Check out wine ratings, but also trust your taste

Do not rely solely on where the wine is on the 100-point scale or the number of stars it has. Trust your own taste. PHOTO: NK YONG
Do not rely solely on where the wine is on the 100-point scale or the number of stars it has. Trust your own taste. PHOTO: NK YONG

(THE BUSINESS TIMES) - The first issue of Robert Parker's Wine Advocate that landed on my desk put the spotlight on 1982 Bordeaux, which had just been released.

This was before the days of the Internet, so the hunt for wine took place via fax or telephone. One had to call wine merchants in London, and, expensive as long-distance calls were, they were the only quick way of contact at the time.

A memory that remains etched in my mind is that of my conversation with the managing director of Corney & Barrow, one of London's oldest and most respected wine merchants - in those days, they were practically royalty.

He had seemed impressed that I was enquiring about the availability of Chateau Petrus 1982, which had just been released en primeur. I might have been his first customer from Singapore, and one who was asking for the Petrus as well. I placed an order for two cases. Along with the Petrus, I also ordered the Latour 1982.

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In my hunt for the 1982s, I also called Adnam's in Southwold, which I had visited the previous year to meet Simon Loftus, then one of Britain's best-known wine authorities.

Back home in Singapore, fine wines were then available only at Cold Storage and Fitzpatricks supermarkets, but the choices in stock were poor.

When one starts buying wines, vintage is at the top of one's mind.

Robert Parker of The Wine Advocate made a great contribution to the fine-wine scene by introducing the 100-point rating scale to rank fine wines. At a time when the only ratings available were the five-point and three-star ratings of wine authorities such as Michael Broadbent and Clive Coates, the rating scale immediately caught the attention of wine lovers. Five-star vintages and 100-pointer wines became the glamour boys, in the same way Gucci and Dior are in women's fashion, and prices were quickly raised for 100-pointer wines.

But while the rating is indeed useful, especially for quick and easy reference, one needs to look beyond the score and read the commentaries about the wines. One also needs to remember that the scores reflect the reviewer's taste, which may not be similar to one's own.

This applies particularly to vintages; it is all too easy to home in on five-star vintages to the neglect of many well-deserving four-star ones, or those not awarded points.

The takeaway here is: Do not rely solely on where the wine is on the 100-point scale or the number of stars it has. Trust your own taste. It is your best guide.

On this note, pay more attention to the lesser-starred vintages, especially those of the great and famous names. Your effort will be well rewarded, for the pleasure is all the greater because of the surprising quality you will often encounter - and at lower cost. Following my own advice, I like exploring the so-called lesser vintages of well-known Chateaux and Domaines and am often surprised at the quality I find. Doing this also gives me wines to drink while waiting for the 100-pointers to mature.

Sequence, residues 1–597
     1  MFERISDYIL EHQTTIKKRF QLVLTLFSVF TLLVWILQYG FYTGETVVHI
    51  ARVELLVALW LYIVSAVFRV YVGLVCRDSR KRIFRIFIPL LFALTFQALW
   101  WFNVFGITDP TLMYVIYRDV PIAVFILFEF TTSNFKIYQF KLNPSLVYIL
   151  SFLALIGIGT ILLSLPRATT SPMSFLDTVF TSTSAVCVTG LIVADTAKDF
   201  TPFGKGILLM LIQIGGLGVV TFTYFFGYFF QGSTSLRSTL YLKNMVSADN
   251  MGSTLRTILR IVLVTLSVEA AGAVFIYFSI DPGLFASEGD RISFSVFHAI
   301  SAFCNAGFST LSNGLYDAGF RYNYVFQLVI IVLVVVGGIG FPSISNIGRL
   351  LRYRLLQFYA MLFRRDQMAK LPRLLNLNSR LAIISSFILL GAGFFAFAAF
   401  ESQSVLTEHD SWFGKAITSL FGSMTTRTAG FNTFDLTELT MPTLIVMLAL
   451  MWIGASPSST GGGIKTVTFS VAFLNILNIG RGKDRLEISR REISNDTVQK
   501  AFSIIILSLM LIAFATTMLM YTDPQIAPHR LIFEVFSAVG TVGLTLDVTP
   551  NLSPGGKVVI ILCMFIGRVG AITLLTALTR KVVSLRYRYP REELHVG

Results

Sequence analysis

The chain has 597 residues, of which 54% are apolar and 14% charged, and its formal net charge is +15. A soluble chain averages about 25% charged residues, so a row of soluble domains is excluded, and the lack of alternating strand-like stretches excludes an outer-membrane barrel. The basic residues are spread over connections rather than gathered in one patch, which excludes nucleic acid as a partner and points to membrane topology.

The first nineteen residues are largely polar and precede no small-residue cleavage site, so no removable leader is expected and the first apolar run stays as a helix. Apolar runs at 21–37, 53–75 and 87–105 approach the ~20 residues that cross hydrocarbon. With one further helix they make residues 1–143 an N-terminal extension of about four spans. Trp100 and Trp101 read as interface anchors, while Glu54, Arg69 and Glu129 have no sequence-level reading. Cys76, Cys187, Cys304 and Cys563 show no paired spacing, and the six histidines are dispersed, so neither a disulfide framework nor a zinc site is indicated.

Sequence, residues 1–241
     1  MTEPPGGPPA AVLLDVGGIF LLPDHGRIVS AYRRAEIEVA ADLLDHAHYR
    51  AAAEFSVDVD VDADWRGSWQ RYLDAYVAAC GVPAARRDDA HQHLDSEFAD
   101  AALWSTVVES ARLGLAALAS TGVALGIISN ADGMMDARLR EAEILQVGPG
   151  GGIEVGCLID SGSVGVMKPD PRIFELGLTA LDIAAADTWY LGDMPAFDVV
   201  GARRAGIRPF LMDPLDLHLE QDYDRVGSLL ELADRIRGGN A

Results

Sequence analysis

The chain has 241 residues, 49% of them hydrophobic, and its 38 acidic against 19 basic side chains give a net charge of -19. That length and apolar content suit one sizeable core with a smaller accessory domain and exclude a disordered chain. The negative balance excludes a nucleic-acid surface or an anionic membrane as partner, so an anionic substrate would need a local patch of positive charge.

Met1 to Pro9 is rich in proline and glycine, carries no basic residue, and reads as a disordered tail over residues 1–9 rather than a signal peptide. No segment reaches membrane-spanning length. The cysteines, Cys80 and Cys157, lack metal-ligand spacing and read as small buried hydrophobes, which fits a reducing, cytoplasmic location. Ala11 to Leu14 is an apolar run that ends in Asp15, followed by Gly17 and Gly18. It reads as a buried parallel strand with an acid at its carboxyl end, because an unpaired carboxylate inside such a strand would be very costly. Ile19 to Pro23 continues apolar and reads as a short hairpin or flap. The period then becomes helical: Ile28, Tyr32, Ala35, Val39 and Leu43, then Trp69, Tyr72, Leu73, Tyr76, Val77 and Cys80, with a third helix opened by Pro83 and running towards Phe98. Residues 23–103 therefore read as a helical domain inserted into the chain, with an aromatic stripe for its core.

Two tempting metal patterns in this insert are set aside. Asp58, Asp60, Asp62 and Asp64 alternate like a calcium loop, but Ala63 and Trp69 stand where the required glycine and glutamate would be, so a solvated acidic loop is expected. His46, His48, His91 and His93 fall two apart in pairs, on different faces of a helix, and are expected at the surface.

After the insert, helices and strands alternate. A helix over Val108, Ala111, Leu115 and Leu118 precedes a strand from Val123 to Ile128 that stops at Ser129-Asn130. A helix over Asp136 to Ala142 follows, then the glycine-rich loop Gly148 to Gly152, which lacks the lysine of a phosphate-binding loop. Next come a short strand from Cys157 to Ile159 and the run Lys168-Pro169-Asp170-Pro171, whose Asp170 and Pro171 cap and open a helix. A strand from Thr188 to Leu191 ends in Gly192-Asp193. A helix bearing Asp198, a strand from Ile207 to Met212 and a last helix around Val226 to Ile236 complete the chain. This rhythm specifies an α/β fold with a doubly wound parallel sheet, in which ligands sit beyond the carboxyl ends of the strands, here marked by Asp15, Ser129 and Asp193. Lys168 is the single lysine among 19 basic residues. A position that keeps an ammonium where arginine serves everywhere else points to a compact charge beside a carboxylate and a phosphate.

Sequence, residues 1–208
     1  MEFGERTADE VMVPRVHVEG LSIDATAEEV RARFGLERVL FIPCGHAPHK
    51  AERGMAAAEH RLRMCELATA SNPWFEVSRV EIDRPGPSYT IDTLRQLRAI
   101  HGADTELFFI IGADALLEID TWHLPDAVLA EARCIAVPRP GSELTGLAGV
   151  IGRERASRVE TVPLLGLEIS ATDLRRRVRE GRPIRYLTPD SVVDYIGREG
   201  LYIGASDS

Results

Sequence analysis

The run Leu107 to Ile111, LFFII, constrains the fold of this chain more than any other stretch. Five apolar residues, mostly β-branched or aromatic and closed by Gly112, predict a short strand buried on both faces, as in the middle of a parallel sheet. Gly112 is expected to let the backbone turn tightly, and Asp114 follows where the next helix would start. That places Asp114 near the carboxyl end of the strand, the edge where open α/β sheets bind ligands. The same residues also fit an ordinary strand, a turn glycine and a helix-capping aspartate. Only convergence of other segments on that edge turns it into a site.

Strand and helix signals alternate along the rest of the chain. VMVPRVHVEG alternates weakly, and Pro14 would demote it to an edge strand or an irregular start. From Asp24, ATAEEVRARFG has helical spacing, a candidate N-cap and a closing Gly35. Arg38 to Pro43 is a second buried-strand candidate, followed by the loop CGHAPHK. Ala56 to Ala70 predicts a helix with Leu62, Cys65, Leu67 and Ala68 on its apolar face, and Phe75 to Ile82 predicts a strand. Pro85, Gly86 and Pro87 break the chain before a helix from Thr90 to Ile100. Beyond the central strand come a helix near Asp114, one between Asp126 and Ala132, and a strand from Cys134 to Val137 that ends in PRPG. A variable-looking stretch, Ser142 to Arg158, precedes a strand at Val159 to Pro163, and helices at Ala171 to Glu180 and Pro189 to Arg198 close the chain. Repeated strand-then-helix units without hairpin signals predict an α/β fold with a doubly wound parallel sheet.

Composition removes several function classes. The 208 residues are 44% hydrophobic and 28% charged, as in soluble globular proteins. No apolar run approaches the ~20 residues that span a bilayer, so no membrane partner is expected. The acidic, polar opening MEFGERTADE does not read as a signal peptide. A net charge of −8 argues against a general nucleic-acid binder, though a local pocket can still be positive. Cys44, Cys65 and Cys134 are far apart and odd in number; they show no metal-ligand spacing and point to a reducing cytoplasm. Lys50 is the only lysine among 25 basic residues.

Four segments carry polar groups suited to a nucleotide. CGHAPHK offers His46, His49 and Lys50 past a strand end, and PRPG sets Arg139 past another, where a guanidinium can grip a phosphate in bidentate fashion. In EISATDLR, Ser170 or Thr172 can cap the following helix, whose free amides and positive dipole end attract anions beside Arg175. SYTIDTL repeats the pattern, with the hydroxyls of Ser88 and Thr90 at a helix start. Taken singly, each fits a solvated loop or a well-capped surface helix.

Chateau Latour 2004

Drunk Aug 3, 2014, at home

Opaque black-red, light, elegant, fine bouquet of cabernet sauvignon fruit, blackcurrants and cedarwood. A big, dense wine, concentrated berry fruit, good ripeness, long finish.

Drunk at 10 years old, still not fully mature. Another six years more needed (as at 2014).

The wine is now 13 years old, so I will be trying it again soon.

Chateau Valandraud 1999, en magnum

Aug 21, 2014, at home

Dense, black-red. Light bouquet of ripe berry fruit. A big wine, very dense, quite smoky, very concentrated ripe fruit, traces of cedary cabernet sauvignon influence. Quite ready, at 15 years, still quite youthful.

Mr Jean-Luc Thunevin, owner and wine-maker of Valandraud, always has a ready smile when I see him in his wine shop in the centre of Saint-Emilion town.

He had left his job as a bank clerk in Algeria in 1989, bought a small plot in St Emilion near Chateau Pavie-Macquin, and converted his garage at home into his winery to start Chateau Valandraud. He released his first vintage in 1991.

A non-conformist, he upset the St Emilion Chateau gentry, who called him (derogatorily) a garagiste.

But Mr Thunevin, ever the individual, went his own merry way. In the 2012 Classification of Saint-Emilion, Valandraud was promoted to Premier Grand Cru Classe, confounding his detractors.

If you walk down the main street in Saint-Emilion, you will pass his shop and, likely as not, you will see him standing there, looking at passers-by. When I see him, I always stop to greet him and ask about the most recent vintage. He has never forgotten that we first visited him in 1999; we may have been his first Asian visitors.

His home is in a small side-road, a little way down just off the main street. There is no chateau building as such for Chateau Valandraud.

His wines are rich, well-concentrated, complex and always a great pleasure to drink.

I purchased two bottles of Valandraud 1991 in 1995 at the cost of 285 francs p.b. from his shop, not too expensive. (It was not en primeur and this was before the days of the euro.)

I bought the Latour 1991 at 182 French francs, en primeur, in 1992.

The vintages of these two wines are not regarded as great, but the pleasure was just as great - perhaps even greater, considering the "so-called" off vintages.

The moral of the story is that it is cheaper to drink "off-vintages" and they are drinkable earlier too. While waiting for the great vintages to be ready, have patience and fortitude.